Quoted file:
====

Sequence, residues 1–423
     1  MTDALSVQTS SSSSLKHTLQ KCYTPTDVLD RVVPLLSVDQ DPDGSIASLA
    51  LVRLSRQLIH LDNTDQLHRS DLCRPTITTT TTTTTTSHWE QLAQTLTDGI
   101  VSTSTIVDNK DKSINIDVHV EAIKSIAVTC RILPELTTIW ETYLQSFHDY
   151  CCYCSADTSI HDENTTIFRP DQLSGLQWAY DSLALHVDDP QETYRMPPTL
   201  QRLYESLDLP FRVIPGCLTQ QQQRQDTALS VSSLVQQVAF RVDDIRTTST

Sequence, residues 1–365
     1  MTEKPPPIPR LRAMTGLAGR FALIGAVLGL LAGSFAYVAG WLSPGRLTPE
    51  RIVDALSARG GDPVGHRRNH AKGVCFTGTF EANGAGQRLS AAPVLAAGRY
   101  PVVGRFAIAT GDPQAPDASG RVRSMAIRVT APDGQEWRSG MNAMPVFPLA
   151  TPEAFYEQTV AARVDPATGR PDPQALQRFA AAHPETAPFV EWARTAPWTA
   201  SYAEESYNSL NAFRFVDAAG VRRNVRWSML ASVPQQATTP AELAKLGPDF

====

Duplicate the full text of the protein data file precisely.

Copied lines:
Sequence, residues 1–423
     1  MTDALSVQTS SSSSLKHTLQ KCYTPTDVLD RVVPLLSVDQ DPDGSIASLA
    51  LVRLSRQLIH LDNTDQLHRS DLCRPTITTT TTTTTTSHWE QLAQTLTDGI
   101  VSTSTIVDNK DKSINIDVHV EAIKSIAVTC RILPELTTIW ETYLQSFHDY
   151  CCYCSADTSI HDENTTIFRP DQLSGLQWAY DSLALHVDDP QETYRMPPTL
   201  QRLYESLDLP FRVIPGCLTQ QQQRQDTALS VSSLVQQVAF RVDDIRTTST

Sequence, residues 1–365
     1  MTEKPPPIPR LRAMTGLAGR FALIGAVLGL LAGSFAYVAG WLSPGRLTPE
    51  RIVDALSARG GDPVGHRRNH AKGVCFTGTF EANGAGQRLS AAPVLAAGRY
   101  PVVGRFAIAT GDPQAPDASG RVRSMAIRVT APDGQEWRSG MNAMPVFPLA
   151  TPEAFYEQTV AARVDPATGR PDPQALQRFA AAHPETAPFV EWARTAPWTA
   201  SYAEESYNSL NAFRFVDAAG VRRNVRWSML ASVPQQATTP AELAKLGPDF